Rebecca Cadbury Simmons
Our second week of excavation has been a week of removing layers. After the careful excavation and recording of the last layer of Roman occupation (late 4th century) we have started to remove these deposits to begin to explore what lies beneath.
The stone building in the north-west area of the trench that was cleaned up last week has been recorded and removed. The building appeared to be a single storey as no significant foundations were found as we lifted it. While removing the interior flagged floor we also found two large worked fragments of stone, each approximately 50cm in diameter, which may have been plinth stones. A stone wall was also removed, which may have been associated with the building.
Lifting this building revealed a large levelling deposit, which we recorded on Thursday and are now partway through removing! Whilst cleaning up the levelling deposit we found a whole, albeit broken, pot which one of our volunteers spent a day painstakingly excavating so that it could be photographed in one piece whilst it was in situ.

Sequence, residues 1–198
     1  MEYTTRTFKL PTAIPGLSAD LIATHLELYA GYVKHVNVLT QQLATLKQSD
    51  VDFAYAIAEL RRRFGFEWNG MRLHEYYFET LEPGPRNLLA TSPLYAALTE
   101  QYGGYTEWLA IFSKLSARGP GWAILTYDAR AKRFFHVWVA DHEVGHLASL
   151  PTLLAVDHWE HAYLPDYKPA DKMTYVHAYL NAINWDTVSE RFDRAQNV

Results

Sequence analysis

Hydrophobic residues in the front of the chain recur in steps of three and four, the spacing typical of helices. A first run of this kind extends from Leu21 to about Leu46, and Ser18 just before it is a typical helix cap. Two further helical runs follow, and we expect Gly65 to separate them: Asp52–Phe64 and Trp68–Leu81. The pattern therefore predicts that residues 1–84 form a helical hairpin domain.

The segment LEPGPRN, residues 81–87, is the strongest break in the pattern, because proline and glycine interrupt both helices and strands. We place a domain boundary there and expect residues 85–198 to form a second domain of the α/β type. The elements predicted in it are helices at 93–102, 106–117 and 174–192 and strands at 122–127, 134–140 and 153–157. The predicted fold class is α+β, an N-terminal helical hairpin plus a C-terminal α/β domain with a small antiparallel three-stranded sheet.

On the opposite side of the trench our volunteers have spent a lot of the week lifting a large spread of cobbles that overlies the road surface. Many of the volunteers with us this year were also excavating the cobbles last year, and after the slow process of excavating, cleaning up and recording a large metalled surface they’re finding lifting it very rewarding!
A worked stone thought to be part of a Roman altar was found within the cobbles which was one of the best finds to come from that part of the trench. However, the corner of a square glass vessel, a fragment of samian ware and several degraded coins were also recovered.
In the south-west quarter of the trench the team have been excavating a 4th century path which skirts around the top of the earthwork of the lower 1st century earthen rampart. Although the rampart would have once been upstanding to an impressive height, what remains has either eroded over time or been deliberately demolished. On the opposite side of the road, the rampart is visible only as a dark shadow in the earth where the turfs that constructed it once were.
We’re hoping to learn more about these 1st century ramparts through this excavation as they have not been explored archaeologically before, but we’ve got a lot of history to get through before we reach those deposits!
Overall the week has been a huge success and the volunteers have made fast work of the excavation, even in the warm weather we’ve been having! Don’t forget to follow our social media pages for daily updates from the site!